Again, the situation is skewed in favor of gun owners. About 28 percent of gun owners have contributed to an organization that takes a position on gun policy, while only 10 percent of non-gun owners have. That helps explain how a group like the National Rifle Association (NRA) has become so powerful, while there are no political equivalents — in terms of influence — on the other side.

One caveat to the charts: Based on Pew’s surveys, there are way more adults in the US who believe gun laws should be stricter (52 percent) than those who believe gun laws should be less strict (18 percent). So the side in favor of stricter gun laws can afford to have a lower percentage of its people contacting public officials.

It’s demonstrative, though, to focus on the 12-month data for this. As it shows, gun owners and supporters of laxer gun laws are more likely to have recently engaged a public official or political organization on this issue. That matters: If a senator gets phone calls every few months from gun owners and opponents of stricter laws, that’s going to make a bigger impression than calls from non-gun owners and supporters of stricter laws every year or so.

That’s especially true if you consider political party. Republicans are much more likely to oppose stricter laws, based on Pew’s data. So if a Republican senator mostly hears from GOP constituents, and these constituents are more likely to be really passionate about the issue since they are on the side that opposes stricter laws, that’s going to give the senator a skewed perception of where voters are on this topic. As a result, Republican lawmakers are more resistant to calls for gun control — arguing against “politicizing” mass shootings and focusing on issues like mental health instead.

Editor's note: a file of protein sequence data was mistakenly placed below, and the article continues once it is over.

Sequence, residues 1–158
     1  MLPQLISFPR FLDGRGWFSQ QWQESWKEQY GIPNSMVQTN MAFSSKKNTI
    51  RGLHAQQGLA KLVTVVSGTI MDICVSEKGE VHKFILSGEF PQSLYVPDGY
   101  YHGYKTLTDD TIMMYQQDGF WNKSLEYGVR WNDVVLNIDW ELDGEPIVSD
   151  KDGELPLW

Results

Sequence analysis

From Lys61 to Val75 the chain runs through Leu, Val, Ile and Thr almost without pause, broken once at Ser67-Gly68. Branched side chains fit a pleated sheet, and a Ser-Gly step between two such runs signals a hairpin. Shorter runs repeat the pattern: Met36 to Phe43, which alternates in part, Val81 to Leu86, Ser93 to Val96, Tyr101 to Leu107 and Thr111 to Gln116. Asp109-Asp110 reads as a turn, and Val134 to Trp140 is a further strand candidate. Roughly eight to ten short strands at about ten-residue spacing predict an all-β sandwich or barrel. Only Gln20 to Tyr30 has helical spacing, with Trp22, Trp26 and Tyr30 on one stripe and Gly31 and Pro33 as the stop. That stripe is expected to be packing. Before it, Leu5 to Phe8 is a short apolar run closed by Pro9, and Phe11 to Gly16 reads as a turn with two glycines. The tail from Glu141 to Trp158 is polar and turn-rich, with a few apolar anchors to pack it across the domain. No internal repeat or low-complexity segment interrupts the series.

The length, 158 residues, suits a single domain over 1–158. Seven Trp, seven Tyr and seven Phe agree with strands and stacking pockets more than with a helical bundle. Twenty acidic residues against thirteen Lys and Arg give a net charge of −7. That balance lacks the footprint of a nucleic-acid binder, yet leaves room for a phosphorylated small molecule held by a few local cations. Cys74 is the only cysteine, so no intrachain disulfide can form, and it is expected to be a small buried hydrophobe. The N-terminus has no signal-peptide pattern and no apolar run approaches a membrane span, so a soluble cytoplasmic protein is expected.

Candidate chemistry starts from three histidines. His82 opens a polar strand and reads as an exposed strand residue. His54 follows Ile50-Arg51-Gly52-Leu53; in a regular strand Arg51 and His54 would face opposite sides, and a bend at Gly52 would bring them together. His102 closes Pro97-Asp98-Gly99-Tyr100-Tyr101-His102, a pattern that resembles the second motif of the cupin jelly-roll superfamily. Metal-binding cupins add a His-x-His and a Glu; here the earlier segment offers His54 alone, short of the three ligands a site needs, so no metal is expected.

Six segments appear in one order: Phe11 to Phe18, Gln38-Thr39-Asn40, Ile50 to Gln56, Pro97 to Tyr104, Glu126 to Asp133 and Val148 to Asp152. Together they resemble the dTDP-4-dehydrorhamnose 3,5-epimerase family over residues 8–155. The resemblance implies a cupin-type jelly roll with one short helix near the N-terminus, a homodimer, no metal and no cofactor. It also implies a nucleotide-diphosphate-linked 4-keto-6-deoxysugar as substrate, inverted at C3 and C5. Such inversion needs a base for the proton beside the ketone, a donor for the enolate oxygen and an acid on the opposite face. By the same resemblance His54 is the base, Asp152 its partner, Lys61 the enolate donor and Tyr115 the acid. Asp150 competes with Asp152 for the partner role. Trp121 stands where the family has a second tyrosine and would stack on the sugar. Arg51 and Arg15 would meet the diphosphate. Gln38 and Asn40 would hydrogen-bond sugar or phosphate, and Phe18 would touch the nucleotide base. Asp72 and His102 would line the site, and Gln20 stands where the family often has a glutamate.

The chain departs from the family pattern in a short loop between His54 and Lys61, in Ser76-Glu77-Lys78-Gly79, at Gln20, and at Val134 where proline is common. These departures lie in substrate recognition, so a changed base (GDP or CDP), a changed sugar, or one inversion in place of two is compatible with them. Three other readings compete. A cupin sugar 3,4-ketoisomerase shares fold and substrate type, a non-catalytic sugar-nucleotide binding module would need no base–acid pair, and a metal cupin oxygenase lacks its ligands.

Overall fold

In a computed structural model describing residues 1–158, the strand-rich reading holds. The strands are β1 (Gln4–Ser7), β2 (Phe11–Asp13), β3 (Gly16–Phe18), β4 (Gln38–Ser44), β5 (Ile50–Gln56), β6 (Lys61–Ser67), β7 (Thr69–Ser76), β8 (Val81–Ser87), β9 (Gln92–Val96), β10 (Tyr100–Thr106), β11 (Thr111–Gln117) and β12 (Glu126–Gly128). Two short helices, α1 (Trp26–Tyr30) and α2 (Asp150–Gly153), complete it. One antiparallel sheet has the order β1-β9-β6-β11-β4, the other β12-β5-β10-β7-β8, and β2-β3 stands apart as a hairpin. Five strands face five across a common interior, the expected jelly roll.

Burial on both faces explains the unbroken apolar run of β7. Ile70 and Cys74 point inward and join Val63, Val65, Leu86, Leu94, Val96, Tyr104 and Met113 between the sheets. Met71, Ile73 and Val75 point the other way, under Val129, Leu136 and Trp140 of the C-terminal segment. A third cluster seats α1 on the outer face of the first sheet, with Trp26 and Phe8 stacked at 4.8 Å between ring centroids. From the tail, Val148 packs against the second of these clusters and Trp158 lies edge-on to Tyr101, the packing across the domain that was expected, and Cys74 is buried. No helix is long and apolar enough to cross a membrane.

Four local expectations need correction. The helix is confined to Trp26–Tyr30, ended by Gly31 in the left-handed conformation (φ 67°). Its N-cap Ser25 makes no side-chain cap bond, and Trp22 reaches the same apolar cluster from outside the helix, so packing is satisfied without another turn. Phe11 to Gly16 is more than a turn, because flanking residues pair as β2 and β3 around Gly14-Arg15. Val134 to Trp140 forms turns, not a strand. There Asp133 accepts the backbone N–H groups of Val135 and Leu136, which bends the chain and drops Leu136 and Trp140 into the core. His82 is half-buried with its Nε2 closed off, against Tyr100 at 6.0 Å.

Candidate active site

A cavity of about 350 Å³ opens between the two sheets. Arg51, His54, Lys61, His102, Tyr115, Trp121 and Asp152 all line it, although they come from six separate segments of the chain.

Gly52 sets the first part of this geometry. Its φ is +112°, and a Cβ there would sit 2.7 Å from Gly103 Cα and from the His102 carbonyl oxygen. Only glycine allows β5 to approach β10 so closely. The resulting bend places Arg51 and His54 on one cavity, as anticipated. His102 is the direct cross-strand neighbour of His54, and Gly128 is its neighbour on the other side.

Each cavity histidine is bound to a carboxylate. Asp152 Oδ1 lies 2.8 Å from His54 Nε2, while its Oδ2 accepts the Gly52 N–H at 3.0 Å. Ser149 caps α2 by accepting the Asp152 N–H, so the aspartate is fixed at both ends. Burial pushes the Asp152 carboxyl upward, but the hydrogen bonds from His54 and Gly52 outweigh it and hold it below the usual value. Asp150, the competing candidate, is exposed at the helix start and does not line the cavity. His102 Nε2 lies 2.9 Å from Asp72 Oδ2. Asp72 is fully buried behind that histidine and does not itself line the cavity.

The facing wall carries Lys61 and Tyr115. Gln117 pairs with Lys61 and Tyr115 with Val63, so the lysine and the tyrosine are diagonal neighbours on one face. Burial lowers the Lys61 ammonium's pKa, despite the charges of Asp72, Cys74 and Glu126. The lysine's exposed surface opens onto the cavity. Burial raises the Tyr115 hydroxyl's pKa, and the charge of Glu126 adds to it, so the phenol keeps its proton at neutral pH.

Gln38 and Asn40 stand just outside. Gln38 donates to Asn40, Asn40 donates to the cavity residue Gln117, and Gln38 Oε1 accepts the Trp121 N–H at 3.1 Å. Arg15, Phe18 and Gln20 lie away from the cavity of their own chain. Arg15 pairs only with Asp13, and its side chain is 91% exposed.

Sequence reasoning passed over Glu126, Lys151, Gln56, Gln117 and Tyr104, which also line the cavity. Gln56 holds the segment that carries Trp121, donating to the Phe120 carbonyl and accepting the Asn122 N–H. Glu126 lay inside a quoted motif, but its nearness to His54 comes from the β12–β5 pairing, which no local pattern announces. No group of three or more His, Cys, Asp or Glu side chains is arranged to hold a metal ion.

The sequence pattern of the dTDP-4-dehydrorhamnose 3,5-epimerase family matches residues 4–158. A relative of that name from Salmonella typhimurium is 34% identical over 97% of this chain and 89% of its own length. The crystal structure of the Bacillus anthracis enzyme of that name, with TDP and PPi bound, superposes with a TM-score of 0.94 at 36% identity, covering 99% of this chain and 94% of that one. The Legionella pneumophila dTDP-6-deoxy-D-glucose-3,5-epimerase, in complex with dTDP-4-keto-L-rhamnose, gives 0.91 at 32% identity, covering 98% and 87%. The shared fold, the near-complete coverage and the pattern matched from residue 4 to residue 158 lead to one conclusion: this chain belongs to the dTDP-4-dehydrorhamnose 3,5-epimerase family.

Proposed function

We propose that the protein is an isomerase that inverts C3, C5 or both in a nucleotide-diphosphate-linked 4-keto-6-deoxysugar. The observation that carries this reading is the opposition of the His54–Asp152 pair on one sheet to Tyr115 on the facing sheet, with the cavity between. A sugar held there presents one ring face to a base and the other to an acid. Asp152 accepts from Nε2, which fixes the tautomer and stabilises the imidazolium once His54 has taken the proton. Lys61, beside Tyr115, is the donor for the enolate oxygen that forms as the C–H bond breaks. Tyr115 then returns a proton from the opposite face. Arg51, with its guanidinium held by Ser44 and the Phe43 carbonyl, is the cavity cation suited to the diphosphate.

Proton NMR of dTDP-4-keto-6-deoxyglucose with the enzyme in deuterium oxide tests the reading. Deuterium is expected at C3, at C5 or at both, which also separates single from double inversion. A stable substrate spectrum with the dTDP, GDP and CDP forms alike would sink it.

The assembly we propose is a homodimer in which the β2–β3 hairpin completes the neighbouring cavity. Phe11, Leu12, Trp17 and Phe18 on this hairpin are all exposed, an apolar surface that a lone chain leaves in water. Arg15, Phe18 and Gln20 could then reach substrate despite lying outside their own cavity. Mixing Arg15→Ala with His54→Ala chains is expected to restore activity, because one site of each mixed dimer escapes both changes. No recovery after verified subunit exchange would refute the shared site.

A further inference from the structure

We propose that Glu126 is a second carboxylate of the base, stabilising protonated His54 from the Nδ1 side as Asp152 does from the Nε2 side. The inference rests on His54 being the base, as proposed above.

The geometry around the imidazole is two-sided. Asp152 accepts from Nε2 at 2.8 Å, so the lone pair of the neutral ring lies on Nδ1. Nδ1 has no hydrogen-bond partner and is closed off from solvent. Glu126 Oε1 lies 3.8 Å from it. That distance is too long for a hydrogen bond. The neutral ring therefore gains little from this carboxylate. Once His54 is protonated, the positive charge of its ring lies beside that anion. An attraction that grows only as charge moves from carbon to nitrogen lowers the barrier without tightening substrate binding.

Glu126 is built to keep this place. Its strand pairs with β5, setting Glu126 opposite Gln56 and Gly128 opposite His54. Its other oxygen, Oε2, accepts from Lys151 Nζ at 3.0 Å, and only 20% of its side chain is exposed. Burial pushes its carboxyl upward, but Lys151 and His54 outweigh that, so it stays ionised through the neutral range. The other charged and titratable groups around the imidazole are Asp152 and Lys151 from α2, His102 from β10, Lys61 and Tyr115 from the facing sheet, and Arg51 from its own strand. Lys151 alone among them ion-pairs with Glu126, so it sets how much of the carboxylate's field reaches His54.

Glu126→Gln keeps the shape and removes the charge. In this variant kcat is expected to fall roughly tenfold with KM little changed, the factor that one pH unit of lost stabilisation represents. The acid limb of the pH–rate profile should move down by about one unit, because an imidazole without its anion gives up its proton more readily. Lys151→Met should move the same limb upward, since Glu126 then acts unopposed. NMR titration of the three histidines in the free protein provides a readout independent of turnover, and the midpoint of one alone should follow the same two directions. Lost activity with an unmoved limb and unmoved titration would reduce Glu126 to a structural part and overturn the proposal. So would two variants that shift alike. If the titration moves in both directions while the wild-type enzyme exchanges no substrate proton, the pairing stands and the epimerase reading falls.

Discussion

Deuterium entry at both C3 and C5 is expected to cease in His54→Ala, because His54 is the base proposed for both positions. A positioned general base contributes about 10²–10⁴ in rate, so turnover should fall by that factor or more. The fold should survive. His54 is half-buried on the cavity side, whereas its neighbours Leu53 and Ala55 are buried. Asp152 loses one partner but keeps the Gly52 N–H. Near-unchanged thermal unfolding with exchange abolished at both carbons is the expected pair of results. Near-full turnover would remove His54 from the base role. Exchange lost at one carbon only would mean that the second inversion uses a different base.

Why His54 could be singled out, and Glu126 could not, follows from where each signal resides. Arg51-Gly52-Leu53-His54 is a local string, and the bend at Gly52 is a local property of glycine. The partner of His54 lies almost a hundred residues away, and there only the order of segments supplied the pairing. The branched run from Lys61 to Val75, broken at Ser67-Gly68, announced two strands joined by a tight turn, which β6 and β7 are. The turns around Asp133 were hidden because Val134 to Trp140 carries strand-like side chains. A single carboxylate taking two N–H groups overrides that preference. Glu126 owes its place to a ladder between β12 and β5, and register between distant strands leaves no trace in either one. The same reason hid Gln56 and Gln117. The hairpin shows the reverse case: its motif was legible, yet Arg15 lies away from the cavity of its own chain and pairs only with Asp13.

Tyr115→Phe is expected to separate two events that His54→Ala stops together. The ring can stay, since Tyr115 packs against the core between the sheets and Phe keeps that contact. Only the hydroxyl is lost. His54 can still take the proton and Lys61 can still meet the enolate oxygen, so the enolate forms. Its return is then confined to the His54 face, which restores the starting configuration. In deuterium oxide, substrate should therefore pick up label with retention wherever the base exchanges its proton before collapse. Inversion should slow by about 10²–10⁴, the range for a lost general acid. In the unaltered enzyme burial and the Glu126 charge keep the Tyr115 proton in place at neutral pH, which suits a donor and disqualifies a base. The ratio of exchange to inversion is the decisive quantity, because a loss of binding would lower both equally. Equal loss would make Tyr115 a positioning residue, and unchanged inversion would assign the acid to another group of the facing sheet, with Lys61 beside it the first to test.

So why the difference in passion? Kristin Goss, a political scientist at Duke University and author of The Gun Debate: What Everyone Needs to Know, previously told me that it’s a sense of tangible loss. Gun owners feel like the government is going to take their guns and rights.

This sentiment has been fueled by a decades-long public campaign by the NRA to convince the US public and politicians that, in fact, the Second Amendment guarantees an individual right to bear arms, and that more guns will actually make people safer (by letting them protect themselves), despite research that shows higher levels of gun ownership actually lead to more gun violence.

Gun control advocates, meanwhile, are motivated by more abstract notions of reducing gun violence — although, Goss noted, the victims of mass shootings and their families have begun putting a face on these policies.

That’s exactly what the current protests are doing, with student survivors from Florida in particular actively participating and showing the human, personal cost of unabated gun violence in a very public manner. Success isn’t guaranteed. But the potential to inspire more widespread and passionate empathy and sympathy through these demonstrations could crack the key problem facing the gun control movement today.